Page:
Day of the Dead will be significantly different in 2020. Many of the traditional celebrations surrounding Día de Muertos have been canceled this year to avoid large gatherings on account of COVID-19.

Cemeteries famous for their ornate displays of cempasúchil flowers, Mexican marigolds, and other offerings for the dearly departed on tombs won’t be receiving visitors throughout the country - and the now renowned parade in Mexico City that would have seen its fifth iteration this year has been canceled. But there will be plenty of virtual events in their place. 

The good news is that given the virtual nature of some of the celebrations, people around the globe can now participate in events that they would otherwise need to be in Mexico for. If you’re eager to resume travel and have always wanted to experience a traditional Día de Muertos, this is your chance to get a taste of this colorful spiritual celebration where Mexicans honor their dead.

October 31

This year, it’s possible to learn how to make pan de muerto (bread of the dead) no matter where you’re located. This traditional pastry decorated with bones made of dough is only found around this time. Foodies engage in veritable tastings throughout October in an attempt to choose a winner, and traditional sugar-topped versions are always found on altars. Professional baker Eliceo Lara is holding two online classes this weekend: traditional pan de muerto on Saturday, October 31, at 10 am local time (12 pm EST), and a chocolate-topped version on Sunday, November 1, at 11 am local time (12 pm EST). The classes are taught in both English and Spanish and cost US$20. Book your spot by contacting him via Instagram.

To keep with the spirit of honoring the tradition at home, the Mexican Secretariat of Culture is encouraging the population to create their own altars and share them on social media. Look for the hashtag #OfrendaInfinita on Facebook, Instagram, and Twitter and feel as though you’ve been invited into people’s homes. The best 100 photographs will be posted on Instagram @promocionCDMX on Saturday night, Mexico City time.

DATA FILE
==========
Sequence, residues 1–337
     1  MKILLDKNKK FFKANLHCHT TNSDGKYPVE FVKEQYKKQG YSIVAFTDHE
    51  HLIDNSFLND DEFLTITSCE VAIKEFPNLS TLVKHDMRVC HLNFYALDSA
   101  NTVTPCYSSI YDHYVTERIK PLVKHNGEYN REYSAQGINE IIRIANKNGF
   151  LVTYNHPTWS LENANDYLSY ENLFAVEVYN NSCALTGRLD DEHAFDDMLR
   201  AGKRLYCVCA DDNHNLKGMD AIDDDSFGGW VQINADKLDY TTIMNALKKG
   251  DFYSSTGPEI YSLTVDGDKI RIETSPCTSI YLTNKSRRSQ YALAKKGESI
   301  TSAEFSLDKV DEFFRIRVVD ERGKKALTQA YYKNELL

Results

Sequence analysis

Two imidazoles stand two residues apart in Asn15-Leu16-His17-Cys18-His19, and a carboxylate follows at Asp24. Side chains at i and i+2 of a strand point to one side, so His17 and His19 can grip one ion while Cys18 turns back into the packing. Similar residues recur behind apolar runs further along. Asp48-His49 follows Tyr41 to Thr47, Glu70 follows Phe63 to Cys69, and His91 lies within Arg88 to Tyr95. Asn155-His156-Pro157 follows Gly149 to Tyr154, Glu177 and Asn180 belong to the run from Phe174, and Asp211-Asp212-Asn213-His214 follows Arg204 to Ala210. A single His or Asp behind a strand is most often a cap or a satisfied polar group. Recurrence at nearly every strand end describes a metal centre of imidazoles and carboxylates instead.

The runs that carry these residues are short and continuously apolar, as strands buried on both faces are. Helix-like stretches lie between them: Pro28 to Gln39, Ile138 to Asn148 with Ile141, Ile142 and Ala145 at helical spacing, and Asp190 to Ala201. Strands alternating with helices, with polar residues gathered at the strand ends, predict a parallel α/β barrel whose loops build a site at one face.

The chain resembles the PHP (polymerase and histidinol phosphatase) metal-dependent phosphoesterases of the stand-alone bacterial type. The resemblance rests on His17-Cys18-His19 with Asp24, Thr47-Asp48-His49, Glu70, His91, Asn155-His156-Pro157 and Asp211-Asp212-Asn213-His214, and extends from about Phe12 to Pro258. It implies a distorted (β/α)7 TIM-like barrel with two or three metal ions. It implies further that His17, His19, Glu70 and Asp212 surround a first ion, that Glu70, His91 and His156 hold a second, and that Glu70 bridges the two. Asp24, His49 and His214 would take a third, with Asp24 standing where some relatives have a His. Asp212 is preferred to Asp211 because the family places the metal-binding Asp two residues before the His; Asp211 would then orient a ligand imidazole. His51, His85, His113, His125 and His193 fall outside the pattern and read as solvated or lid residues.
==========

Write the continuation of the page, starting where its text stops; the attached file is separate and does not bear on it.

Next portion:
Guadalajara Handcrafts & Folk Art Market
Guadalajara Handcrafts & Folk Art Market © / Getty Images

November 1

The National Institute of Anthropology and History (INAH) will conduct a virtual guided tour of the exhibition Xolos, the Companions in the Underworld, on November 1 at 10 am Mexico City time (11 am EST) via Zoom. A treat for anyone who remembers Dante, the Mexican hairless dog featured in Pixar’s Coco. You can also take a tour on your own anytime on INAH’s website.

The main event of any Día de Muertos is a visit to the cemetery, and this year doesn’t have to be any different in that respect. The Guadalajara Secretariat of Culture organized a virtual tour of the Panteón de Belén cemetery via their Facebook page at 12 pm local time (1 pm EST). If you speak Spanish, you’ll be delighted to hear the legends of the souls resting there. 

Xcaret, in the Riviera Maya, will be broadcasting its Festival of Life and Death at 7 pm EST via Xcaret Park’s YouTube channel. Virtual visitors will get to enjoy the park’s most iconic settings while learning about the festival and the traditions it’s imbued with.

And back in Mexico City, at 9 pm local time (10 pm EST) renowned singer Lila Downs will perform her yearly concert at the Auditorio Nacional. Watch her at Contigo en la Distancia, an initiative created by the local Secretariat of Culture to provide cultural entertainment at home.

Day of the Dead doll Mariachi Guitarron player
The Catrina, or Day of the Dead doll, is one of the most popular figures of the Mexican Dia De Los Muertos © ellenkirkpatrick / Getty Images

November 2

The National System of Musical Promotion will premiere a video with a new version of La Llorona, a quintessentially Mexican song based on a ghost story that you might also recognize from Coco. With musical arrangements by Emilio Aranda Mora and performed by Ensamble Escénico Vocal, you can watch it on Facebook. A great way to end a long weekend of festivities.

Read more: 

Día de Muertos: dancing with the dead in Mexico
Mexico's best off-the-grid-beaches

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